Monday, August 11, 2008

How to backup Linux to FAT32 External Drives

There is very good tutorial on this issue, however, i wanted to add a bit more. How to backup Linux to FAT32 External Drives | WickedBlog
The backup process sounds pretty easy, but indeed, there are heaps problems when you actually working on it.

I am a windows user, and nowadays, most product are targeting windows user.  I developed the backup utility for the SMEServer (e-smith server) and First of all,
the priority is that things can be extract in Windows.  Obviously , NTFS is not a good option cause it is not supported in SMEServer.  So Fat32 was chosen and I didn't realise the file size limit of 4G until some time had passed and all my backups are smaller than 4G.

Let's begin with backup first.

tar -czf /media/DRIVENAME/BACKUPNAME.tgz /home

This is the real simple solution to backup one folder, and of course, we have more to backup.  So, we introduce the following one:

'tar -cz --files-from '+ FILELIST_TAR + ' > ' + TAR_OUTPUT+'.tgz'

NOTE that I now read files from a list, and this is recommended to do only when programming.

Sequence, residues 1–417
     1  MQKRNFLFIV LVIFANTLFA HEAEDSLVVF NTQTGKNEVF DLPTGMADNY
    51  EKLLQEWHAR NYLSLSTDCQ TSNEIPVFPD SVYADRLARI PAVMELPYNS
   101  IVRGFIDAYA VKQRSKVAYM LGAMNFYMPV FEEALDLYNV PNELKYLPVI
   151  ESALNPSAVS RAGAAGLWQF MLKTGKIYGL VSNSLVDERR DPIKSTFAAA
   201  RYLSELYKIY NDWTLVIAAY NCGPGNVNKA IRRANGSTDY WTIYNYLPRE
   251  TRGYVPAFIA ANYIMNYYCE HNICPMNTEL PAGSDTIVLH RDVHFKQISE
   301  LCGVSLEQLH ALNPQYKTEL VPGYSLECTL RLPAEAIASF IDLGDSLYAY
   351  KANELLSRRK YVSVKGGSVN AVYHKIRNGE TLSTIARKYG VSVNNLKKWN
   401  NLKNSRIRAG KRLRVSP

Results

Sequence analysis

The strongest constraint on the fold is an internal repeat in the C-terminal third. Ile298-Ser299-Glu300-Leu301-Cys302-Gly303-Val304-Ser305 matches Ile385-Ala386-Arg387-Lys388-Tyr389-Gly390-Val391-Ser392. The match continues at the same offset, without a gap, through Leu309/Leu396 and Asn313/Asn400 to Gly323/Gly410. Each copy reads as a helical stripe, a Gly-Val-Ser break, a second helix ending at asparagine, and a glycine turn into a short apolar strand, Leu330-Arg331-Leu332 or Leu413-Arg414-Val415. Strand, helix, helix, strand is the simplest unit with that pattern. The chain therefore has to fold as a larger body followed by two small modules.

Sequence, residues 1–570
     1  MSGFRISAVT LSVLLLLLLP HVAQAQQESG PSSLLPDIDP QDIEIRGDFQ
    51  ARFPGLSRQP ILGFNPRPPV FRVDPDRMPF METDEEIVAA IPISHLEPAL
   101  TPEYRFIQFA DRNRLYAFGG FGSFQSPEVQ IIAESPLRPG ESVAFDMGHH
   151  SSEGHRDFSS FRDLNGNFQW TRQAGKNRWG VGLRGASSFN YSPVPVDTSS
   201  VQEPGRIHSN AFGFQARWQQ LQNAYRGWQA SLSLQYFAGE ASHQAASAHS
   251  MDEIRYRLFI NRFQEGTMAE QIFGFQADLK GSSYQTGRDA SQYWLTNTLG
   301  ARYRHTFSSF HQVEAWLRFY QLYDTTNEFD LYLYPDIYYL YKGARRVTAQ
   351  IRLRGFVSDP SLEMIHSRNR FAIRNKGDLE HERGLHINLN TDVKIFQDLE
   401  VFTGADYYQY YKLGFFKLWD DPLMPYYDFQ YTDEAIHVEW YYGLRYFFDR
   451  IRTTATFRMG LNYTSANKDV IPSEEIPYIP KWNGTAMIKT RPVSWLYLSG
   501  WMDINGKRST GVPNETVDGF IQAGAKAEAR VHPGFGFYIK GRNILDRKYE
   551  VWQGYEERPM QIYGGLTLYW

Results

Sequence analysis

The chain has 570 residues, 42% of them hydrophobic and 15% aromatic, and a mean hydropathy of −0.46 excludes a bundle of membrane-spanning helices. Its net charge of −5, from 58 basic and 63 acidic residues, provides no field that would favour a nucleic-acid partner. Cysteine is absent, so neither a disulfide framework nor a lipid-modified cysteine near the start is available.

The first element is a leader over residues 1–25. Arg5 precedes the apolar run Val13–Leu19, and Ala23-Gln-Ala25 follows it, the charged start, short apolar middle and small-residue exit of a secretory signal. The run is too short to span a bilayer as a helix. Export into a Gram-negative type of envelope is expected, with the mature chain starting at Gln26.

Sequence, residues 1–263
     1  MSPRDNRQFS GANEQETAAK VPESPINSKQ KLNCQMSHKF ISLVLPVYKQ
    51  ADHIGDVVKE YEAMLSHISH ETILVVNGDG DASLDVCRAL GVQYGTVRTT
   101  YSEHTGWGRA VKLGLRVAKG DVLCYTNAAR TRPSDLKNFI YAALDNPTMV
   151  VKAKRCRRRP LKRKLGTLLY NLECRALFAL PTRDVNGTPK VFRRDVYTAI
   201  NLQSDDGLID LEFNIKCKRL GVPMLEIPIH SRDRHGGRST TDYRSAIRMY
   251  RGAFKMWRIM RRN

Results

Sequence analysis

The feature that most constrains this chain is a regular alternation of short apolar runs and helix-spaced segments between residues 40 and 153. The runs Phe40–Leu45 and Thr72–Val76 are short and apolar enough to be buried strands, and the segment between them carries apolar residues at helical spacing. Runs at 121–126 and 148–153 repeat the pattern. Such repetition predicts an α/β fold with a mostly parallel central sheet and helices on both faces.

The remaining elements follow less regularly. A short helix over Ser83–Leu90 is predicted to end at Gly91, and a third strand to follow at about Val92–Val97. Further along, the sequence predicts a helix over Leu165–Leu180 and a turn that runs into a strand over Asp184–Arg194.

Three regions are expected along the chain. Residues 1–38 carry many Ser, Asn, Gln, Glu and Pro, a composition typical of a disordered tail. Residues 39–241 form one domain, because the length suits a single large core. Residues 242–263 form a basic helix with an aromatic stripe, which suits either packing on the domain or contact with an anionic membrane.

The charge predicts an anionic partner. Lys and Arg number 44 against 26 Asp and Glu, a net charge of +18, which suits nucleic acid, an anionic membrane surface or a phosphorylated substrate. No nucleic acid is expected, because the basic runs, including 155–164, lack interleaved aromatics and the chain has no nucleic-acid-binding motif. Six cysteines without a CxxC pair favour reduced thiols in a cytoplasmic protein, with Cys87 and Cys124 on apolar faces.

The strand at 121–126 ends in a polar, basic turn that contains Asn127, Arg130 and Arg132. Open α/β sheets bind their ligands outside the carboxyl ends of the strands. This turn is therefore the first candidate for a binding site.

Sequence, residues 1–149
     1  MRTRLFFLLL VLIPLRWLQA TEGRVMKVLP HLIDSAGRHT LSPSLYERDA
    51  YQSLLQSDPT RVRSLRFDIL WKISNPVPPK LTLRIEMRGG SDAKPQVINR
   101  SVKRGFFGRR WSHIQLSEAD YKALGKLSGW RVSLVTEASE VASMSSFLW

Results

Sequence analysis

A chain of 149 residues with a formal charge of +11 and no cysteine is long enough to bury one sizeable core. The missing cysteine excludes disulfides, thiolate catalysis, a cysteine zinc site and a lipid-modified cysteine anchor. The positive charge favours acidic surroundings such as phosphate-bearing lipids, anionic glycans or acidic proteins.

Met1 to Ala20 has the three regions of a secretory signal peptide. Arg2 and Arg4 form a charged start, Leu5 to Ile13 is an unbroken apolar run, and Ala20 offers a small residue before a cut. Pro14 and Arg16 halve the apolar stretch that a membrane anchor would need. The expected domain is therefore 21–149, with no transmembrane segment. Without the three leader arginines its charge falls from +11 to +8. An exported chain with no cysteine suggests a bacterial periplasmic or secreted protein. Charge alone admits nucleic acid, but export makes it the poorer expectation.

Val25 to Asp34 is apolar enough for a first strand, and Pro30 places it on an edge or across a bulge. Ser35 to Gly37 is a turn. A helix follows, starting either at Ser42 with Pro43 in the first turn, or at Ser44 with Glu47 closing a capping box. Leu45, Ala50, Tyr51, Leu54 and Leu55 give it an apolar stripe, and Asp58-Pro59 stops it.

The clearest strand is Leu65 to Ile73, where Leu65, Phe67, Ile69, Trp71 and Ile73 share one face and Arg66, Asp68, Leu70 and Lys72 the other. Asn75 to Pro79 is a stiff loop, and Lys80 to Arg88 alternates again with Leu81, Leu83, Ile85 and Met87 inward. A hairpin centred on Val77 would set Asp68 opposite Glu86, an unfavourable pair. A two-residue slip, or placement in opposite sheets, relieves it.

Finally, we need to split it

'tar -cz - --files-from '+ FILELIST_TAR + ' |  split -b 3880m - ' + TAR_OUTPUT+'.tgz'

Re-constitute properly with this customized restore command:

cat /media/DRIVENAME/BACKUPNAME.tgz.* | tar -zxf -

And of course, I didn't forget the windows user, you can re-constitute the files like this:
copy /b BACKUPNAME.tgz.* ALL_IN_ONE.tgz /b

Enjoy

1 comment:

Dissertation Chapter help said...

This Blog is a great resource for anyone looking to back up their Linux system to an external FAT32 drive. It covers all the necessary steps, from formatting the drive to using the proper backup tools. Highly recommended for anyone wanting to ensure their system is securely backed up.